Governor of New Mexico

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Governor of New Mexico
Seal of the Governor
= Susana Martinez in 2011
Susana Martinez

since January 1, 2011
Style The Honorable
Residence Governor's Mansion
Term length Four years, can succeed self once; eligible again after 4-year respite
Formation January 6, 1912
Deputy John Sanchez
Salary $110,000 (2013)[1]
Website Official website
Great seal of the state of New Mexico.png
This article is part of a series on the
politics and government of
New Mexico

The Governor of the State of New Mexico is the chief executive of the state of New Mexico. The governor is the head of the executive branch of New Mexico's state government and the commander-in-chief of the state's military forces. Responsibilities include making annual State of the State addresses to the New Mexico State Legislature, submitting the budget, and ensuring that state laws are enforced. The officeholder is afforded the courtesy title of The Honorable while in office.

The current governor is Susana Martinez, a Republican. Martinez won the November 2010 gubernatorial election and was sworn in as the 31st Governor of the state of New Mexico on January 1, 2011. She is also the first elected female governor of the state.


During the occupation of New Mexico by the United States Military starting in 1846, a military governor was appointed to oversee the area; military governors at times were assisted by civilian governors. In 1850, New Mexico was organized as a Territory and the Governor was appointed by the President of the United States. The office of Governor of the State of New Mexico was created in 1912 when New Mexico was officially admitted to the United States as the 47th state.

Election to the Governorship

Requirements to hold office

Section Three of Article V of the New Mexico Constitution establishes the requirements a person must meet in order to become Governor. The Governor must be a citizen of the United States, be at least 30 years old, and have been a resident of New Mexico for at least five years prior to election.

Term(s) of office

Under Section One of Article V of the New Mexico Constitution, no person may hold the office of Governor for more than two terms until one full term has intervened.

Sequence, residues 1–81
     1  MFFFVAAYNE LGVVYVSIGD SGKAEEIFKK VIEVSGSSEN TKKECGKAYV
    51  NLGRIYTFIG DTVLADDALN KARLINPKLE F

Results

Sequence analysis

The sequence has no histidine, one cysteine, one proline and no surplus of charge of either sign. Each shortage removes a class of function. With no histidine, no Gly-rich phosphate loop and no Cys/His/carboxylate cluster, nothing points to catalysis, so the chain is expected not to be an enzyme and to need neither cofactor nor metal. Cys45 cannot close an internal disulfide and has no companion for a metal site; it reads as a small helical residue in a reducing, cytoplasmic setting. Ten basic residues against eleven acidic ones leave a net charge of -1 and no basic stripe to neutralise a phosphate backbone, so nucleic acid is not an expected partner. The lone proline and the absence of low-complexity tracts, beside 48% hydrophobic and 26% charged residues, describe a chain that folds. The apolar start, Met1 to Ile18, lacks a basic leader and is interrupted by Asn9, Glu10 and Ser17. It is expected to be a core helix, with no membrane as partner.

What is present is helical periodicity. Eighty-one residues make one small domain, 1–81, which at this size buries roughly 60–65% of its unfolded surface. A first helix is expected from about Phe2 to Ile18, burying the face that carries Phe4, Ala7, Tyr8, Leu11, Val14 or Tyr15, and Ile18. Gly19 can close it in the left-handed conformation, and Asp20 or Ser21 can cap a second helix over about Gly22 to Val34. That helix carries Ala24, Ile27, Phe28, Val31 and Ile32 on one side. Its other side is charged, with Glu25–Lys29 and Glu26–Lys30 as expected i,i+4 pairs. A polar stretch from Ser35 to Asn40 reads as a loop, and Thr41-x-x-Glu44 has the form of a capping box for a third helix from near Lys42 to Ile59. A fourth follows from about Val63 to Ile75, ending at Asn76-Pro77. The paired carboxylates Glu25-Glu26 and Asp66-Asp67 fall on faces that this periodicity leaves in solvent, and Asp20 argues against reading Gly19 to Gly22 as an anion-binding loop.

Relationship with Lieutenant Governor of New Mexico

The Lieutenant Governor of New Mexico is elected jointly as the running mate of the gubernatorial candidate in the general election.


While the Governor heads the Executive Branch of the New Mexico state government, the Governor does not have absolute power. Other state executives, such as the Lieutenant Governor, the Secretary of State, and the Attorney General are also elected to office.


Since 1954, the Governor of New Mexico has resided in the New Mexico Governor's Mansion. Prior to its construction, the Governor's Residence was located adjacent to the New Mexico State Capitol in downtown Santa Fe. Before 1909, the Governor resided in the Palace of the Governors, which is listed as a National Historic Landmark. The Palace of the Governors is the oldest continuously occupied public building in the United States.

Line of succession

According to Section Seven of Article V of the New Mexico Constitution, in the event of the death, resignation, removal, impeachment, absence from the state, failure to qualify, or incapacity due to illness of the Governor, the Lieutenant Governor is the first person in the order of succession and thus serves as Governor.

If there is no Lieutenant Governor, or he is unable to perform the duties of Governor, the Secretary of State serves as Governor. If there is no Secretary of State, the President pro Tempore of the Senate servers as Governor. If there is no President pro Tempore of the Senate, or if he is unable to perform the duties of Governor, then the Speaker of the House serves as governor.

# Office Current Officer
May succeed to Governorship
Governor of New Mexico Susana Martinez
1 Lieutenant Governor of New Mexico John Sanchez
2 Secretary of State of New Mexico Brad Winter
3 President Pro Tempore of the Senate Mary Kay Papen
4 Speaker of the House of Representatives Don Tripp
May serve as Emergency Interim Successor
4 Attorney General of New Mexico Hector Balderas
5 State Auditor Timothy Keller
6 State Treasurer Tim Eichenburg
7 Commissioner of Public Lands Aubrey Dunn
8 Public Regulation Commission, Chair Patrick H. Lyons
9 Public Regulation Commissioner Karen Montoya
10 Public Regulation Commissioner Valerie Espinoza
11 Public Regulation Commissioner Theresa Becenti–Aguilar
12 Public Regulation Commissioner Sandy Jones

List of Governors

See: List of Governors of New Mexico


  1. "CSG Releases 2013 Governor Salaries". The Council of State Governments. June 25, 2013. Retrieved November 23, 2014.<templatestyles src="Module:Citation/CS1/styles.css"></templatestyles>

External links